Afghanistan: Rebuilding girls’ education after decades of conflict

Nahida, a school principal in Kabul, is the third participant in the ten-week #TeacherTuesday campaign, organised around the Education For All (EFA) Global Monitoring Report (GMR) 2013/4. In Afghanistan, conflict has raged for decades, cultural opposition to girls’ schooling is deep-seated, and education for girls was banned altogether under the Taliban. Nahida describes how she has struggled for 25 years to defend and improve girls’ education in the face of gender bias and conflict that still affect her work every day.

 

After graduating from Kabul University in the late-1980s, Nahida became a teacher. But then the Taliban came to power.

Under the Taliban: a secret school for girls

“It was their policy to close all the schools for females,” she explained. “For me, it was difficult to go to school to teach. When I went to my school, the principal was a mullah and he didn’t allow me to enter and asked me after that not to come to school. But, for the boys, school was open. When I understood the policy of Taliban was not to allow girls and female teachers to go to school, I started a home school for girls that was very secret and not official because families and their parents asked me to teach their daughters. It was a very strict time. Very difficult. I was afraid.”

When the Taliban fell, the way was open to restore education for girls. But, first, everything had to be rebuilt from scratch – there was literally nothing left.

“The girls came back slowly, slowly,” Nahida said. “I encouraged families, asked their parents to school, encouraged them, talked with them. Also, I sent my female teachers to their homes. I announced it in different mosques.”

Despite improvements over the decade, the EFA Global Monitoring Report 2013/4 shows that Afghanistan still has the highest level of gender disparity in primary education in the world with only 71 girls in primary school for every 100 boys. In 1999, no girls attended secondary school in the country. By 2011, there were still only 55 girls in secondary school for every 100 boys.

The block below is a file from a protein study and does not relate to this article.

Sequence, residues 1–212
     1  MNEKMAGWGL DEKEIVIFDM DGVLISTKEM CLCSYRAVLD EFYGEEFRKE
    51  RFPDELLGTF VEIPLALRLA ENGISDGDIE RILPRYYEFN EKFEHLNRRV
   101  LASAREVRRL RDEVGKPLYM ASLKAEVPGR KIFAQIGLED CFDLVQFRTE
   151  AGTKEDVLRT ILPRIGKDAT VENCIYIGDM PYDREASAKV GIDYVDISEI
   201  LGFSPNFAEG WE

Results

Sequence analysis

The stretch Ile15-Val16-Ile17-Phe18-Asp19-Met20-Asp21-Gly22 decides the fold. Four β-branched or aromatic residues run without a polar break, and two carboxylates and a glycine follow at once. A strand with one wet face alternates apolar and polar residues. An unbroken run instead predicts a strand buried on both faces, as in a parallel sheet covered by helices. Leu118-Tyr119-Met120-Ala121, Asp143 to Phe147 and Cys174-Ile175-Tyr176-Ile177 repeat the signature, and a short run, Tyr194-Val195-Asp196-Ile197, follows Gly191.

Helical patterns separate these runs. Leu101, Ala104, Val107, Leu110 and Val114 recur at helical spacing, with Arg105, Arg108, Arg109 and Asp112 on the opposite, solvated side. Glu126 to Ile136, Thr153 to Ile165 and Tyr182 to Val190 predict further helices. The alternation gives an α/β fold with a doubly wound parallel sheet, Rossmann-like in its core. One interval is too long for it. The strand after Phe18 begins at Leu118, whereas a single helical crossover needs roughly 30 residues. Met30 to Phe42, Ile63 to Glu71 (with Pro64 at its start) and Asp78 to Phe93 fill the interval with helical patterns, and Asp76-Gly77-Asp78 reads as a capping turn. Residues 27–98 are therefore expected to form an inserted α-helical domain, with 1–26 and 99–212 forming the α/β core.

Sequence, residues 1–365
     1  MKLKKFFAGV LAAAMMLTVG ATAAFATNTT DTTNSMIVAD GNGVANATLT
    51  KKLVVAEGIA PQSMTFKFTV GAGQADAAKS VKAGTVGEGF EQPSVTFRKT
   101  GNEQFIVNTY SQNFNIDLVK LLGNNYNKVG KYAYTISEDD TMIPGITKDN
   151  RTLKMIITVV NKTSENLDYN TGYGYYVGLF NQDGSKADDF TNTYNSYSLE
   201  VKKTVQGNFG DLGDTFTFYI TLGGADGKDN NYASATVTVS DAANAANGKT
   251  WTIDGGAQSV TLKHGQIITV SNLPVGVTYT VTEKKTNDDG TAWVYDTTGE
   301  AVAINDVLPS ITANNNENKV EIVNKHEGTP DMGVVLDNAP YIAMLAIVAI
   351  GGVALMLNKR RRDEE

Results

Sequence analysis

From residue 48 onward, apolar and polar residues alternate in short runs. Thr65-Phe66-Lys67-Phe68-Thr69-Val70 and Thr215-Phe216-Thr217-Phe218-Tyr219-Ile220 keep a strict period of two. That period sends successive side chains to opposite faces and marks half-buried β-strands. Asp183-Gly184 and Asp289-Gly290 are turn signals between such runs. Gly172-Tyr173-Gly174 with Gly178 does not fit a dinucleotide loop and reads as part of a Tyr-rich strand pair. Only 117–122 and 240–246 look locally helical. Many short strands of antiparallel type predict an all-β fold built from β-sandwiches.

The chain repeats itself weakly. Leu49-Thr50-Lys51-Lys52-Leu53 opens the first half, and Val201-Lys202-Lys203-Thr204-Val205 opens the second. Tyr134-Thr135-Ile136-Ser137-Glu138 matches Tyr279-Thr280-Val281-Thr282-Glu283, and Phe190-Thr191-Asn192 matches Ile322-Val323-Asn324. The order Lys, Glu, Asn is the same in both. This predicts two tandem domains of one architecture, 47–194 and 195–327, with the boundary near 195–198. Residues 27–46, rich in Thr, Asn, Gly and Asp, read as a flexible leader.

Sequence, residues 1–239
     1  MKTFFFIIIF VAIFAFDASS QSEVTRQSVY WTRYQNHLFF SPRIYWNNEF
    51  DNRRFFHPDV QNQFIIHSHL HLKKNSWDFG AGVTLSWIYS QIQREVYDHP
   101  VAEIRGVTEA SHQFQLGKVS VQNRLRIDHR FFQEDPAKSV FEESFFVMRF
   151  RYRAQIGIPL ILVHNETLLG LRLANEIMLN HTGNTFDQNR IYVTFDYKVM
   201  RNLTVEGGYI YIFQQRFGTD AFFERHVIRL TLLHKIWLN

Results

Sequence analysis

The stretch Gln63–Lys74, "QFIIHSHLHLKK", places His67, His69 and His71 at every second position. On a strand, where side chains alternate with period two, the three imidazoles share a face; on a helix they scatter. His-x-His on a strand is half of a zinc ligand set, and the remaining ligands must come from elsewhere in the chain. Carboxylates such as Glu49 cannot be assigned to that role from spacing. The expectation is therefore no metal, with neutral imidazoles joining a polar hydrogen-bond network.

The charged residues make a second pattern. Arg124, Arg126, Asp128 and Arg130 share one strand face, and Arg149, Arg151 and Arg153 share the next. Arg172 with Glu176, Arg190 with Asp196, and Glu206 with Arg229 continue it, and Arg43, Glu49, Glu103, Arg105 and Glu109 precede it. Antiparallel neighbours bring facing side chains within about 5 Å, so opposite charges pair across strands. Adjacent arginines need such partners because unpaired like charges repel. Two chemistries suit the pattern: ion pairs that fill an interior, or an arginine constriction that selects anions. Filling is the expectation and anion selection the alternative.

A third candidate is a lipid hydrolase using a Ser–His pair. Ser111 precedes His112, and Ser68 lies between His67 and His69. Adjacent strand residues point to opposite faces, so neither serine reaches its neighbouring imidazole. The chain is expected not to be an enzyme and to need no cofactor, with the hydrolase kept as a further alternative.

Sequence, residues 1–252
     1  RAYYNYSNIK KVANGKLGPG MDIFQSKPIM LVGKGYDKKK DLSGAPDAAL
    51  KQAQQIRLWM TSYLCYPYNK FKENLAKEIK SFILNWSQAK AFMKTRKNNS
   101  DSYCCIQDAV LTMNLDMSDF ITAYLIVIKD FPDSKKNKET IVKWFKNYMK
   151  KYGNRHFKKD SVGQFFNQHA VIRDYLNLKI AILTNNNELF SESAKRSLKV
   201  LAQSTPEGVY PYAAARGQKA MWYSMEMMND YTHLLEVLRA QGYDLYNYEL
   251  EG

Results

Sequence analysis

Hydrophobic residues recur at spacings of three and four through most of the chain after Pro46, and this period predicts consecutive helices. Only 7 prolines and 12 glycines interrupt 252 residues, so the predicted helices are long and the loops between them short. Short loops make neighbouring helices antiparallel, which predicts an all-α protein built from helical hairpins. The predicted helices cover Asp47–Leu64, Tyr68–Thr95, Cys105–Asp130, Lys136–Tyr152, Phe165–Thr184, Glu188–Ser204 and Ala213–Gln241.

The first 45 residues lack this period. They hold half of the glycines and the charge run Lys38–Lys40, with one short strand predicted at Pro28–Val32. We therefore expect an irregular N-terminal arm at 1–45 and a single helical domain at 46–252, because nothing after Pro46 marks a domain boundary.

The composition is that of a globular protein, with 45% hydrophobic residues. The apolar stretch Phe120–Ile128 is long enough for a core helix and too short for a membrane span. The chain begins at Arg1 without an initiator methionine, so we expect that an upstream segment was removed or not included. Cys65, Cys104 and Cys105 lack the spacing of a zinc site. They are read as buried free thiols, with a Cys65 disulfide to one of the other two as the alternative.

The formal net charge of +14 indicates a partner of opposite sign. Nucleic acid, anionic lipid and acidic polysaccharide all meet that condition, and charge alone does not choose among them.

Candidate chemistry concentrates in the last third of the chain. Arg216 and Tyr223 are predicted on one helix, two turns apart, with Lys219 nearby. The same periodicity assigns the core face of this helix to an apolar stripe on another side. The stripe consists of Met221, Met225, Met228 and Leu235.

Ongoing violence

Nahida also underlined that for her and her students, the conflict in Afghanistan is far from over:

“Now in Afghanistan, war continues every day. There are suicide attacks, bombs. The insecurity and instability is a big challenge for our people, especially for girls. When a suicide attack happens, families don’t allow their girls to go to school for one or two days. Also for boys, but especially for girls. I have organised special transportation for my students. It’s a good solution to prevent absenteeism of girls from school.”

For her, education is not something to be viewed as a problem, but as part of the solution for breaking the cycle of conflict: “Educated people don’t take up guns,” she said. “They don’t destroy their country and their schools.”

Struggle to hire and train enough women teachers

Nahida’s long experience underlines how important it is for governments to hire and train female teachers. As the new gender summary of the EFA Global Monitoring Report 2013/4 shows, however, women teachers are particularly lacking in areas with wide gender disparity in enrolment.

In 2008, in Afghanistan, less than 30 per cent of those in initial teacher education were female, even though the numbers had been increasing thanks to programmes enabling women to enter teaching with lower qualifications. In 2011, less than a third of teachers in primary education in the country were female.

In the 2013/4 EFA Global Monitoring Report, recommendations are outlined to help policy makers encourage more female teachers to work in disadvantaged areas. These include providing female teachers with incentives, such as safe housing, to move to rural areas. Alternatively, local recruitment can also ensure that poor, rural girls receive the benefits of being taught by a female teacher.

In the case of Afghanistan, the government aims to increase the number of female teachers by 50 per cent by 2014 with monetary and housing incentives for female teachers, and special teacher training programmes for women in remote areas and women who do not meet current qualification requirements.

EI: Equity a key part of quality education

“Nahida’s experience demonstrates teachers’ deep commitment to all their students, girls and boys,” said EI General Secretary Fred van Leeuwen. “Like her, we want quality education through quality teachers for all, girls and boys. Afghanistan, and no country the world over, can achieve quality education for all if there is no equity in access to it. Violence therefore must be totally eradicated inside and outside the classroom. Schools must be considered safe sanctuaries.”

Girls and women’s education and participation in education, trade unions, and society will be at the core of discussions at EI’s Second World Women’s Conference, he went on to stress.

He further called on everyone joining EI’s call to Unite for quality education to also join the UNESCO’s TeacherTuesday.

Read the #TeacherTuesday article in its entirety here

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